# What is the difference in time-complexity for sorting these 2-d arrays?

Let $$A$$ have $$n/10$$ rows, $$10$$ columns and $$n$$ overall elements

Let $$B$$ have 10 rows, $$n/10$$ columns and $$n$$ overall elements.

It is given that each row is sorted in ascending order, Can you sort each of these in $$O(n\log(n))$$ or better using comparison sort?

I'm leaning towards k-way merge implementing a min-heap following this implementation merging sorted arrays, but I can't seem to figure out what the difference between this cases is.

$$B$$ for example will have $$10$$ elements constantly in the min-heap, so the time complexity will be $$10n \log(10) \in O(n)$$? Is this even possible in comparison sorts?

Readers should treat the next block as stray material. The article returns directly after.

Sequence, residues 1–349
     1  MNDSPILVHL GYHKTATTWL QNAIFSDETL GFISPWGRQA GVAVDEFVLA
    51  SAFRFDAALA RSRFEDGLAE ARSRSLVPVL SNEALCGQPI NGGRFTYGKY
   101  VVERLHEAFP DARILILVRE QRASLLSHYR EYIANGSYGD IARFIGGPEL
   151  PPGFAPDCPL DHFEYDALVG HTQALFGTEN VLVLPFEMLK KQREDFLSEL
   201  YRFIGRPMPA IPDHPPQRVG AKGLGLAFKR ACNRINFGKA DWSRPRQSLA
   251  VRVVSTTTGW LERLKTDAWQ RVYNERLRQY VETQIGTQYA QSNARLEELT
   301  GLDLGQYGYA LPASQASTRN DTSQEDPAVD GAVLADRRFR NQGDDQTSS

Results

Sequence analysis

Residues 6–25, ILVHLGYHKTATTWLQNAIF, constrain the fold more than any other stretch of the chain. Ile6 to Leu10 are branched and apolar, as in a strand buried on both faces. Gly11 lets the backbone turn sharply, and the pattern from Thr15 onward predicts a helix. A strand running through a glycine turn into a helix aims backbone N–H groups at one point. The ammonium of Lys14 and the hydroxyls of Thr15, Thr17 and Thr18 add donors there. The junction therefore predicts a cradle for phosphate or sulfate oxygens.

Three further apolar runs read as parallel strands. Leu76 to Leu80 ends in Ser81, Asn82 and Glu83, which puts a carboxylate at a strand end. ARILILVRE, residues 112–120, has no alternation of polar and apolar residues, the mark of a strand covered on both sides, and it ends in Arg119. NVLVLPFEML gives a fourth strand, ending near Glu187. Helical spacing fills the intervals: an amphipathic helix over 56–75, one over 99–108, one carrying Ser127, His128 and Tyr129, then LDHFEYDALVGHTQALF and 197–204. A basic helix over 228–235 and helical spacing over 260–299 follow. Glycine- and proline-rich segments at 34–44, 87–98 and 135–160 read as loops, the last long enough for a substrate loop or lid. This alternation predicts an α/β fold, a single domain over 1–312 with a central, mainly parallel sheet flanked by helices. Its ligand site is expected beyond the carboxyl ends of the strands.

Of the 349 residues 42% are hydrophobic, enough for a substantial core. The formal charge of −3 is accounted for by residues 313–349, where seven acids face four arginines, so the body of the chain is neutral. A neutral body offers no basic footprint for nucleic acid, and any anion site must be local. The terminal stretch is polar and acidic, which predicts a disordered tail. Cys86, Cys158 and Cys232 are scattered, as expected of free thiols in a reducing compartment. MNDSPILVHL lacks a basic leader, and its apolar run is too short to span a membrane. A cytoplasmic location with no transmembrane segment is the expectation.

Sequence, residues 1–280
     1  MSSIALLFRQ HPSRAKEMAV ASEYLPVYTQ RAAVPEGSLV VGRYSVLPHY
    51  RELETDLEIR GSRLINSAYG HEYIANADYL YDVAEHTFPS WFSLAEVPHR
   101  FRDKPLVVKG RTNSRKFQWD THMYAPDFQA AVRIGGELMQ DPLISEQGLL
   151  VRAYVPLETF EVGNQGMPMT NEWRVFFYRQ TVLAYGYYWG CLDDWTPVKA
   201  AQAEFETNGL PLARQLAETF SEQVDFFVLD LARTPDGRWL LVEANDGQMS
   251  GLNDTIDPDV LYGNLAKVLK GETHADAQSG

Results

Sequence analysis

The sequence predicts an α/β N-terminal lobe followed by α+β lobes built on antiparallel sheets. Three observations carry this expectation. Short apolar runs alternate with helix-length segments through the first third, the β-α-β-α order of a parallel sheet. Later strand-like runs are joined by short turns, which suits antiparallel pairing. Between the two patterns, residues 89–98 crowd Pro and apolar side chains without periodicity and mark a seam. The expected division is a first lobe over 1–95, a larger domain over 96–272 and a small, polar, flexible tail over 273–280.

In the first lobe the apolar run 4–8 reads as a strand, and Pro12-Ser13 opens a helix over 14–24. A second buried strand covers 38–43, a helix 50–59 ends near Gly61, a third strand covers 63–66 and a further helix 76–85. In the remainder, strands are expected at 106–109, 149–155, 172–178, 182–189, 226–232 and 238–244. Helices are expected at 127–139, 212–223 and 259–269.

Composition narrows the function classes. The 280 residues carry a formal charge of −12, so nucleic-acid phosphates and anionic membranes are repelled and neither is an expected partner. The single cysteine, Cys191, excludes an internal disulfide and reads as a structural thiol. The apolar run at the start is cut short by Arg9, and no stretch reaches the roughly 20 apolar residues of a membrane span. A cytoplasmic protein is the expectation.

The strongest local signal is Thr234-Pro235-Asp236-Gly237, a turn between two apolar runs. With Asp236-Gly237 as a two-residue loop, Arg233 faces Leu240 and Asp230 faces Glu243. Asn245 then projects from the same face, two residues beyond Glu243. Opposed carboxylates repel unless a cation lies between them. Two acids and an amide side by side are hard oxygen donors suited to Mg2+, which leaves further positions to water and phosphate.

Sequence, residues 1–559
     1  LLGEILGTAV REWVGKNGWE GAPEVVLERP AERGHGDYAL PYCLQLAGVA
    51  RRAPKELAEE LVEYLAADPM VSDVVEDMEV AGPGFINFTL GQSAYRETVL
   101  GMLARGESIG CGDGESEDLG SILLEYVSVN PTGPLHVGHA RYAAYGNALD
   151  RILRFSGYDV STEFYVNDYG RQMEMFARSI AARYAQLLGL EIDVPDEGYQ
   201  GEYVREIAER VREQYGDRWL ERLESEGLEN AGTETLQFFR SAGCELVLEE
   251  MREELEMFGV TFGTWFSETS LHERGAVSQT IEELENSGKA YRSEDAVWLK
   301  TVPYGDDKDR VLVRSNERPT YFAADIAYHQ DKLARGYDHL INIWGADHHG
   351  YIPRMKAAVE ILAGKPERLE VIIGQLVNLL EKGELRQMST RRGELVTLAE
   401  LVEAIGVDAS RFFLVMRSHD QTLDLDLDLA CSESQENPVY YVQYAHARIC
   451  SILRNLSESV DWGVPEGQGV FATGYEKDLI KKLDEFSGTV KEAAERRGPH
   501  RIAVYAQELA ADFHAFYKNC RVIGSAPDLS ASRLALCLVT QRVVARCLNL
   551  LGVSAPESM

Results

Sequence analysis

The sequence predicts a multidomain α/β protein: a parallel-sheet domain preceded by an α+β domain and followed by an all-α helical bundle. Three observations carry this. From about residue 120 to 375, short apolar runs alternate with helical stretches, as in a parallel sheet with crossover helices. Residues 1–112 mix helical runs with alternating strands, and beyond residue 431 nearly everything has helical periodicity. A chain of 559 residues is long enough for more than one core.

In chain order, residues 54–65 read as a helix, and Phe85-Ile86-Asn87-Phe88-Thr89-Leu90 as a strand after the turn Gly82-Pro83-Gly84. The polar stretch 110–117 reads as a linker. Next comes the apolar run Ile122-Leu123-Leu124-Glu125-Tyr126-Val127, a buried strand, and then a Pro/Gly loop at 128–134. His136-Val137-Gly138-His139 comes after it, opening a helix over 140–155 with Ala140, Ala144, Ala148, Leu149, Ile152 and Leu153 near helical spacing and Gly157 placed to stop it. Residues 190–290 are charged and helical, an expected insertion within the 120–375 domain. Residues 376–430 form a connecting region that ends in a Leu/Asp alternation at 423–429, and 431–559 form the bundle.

While $$A$$ would have $$n/10$$ elements in the min-heap, but are the run times equivalent?

The algorithm you suggest for $$B$$ is a comparison-based algorithm with complexity $$O(n \log h)$$, where $$h$$ is the maximum number of elements in the heap. Since $$h = \Theta(1)$$, you have that $$B$$ can be sorted in time $$O(n)$$.
Regarding $$A$$, the lower bound of $$\Omega(m \log m)$$ on any comparison-based algorithm that sorts $$m$$ elements still applies. Indeed, the first elements on each row (i.e., those of the first column) can be in any order relation with one another.
Any algorithm that sorts $$A$$, is also an algorithm that sorts the $$m = \frac{n}{10} = \Theta(n)$$ elements in the first column, and therefore it must have time $$\Omega(m \log m) = \Omega(n \log n)$$.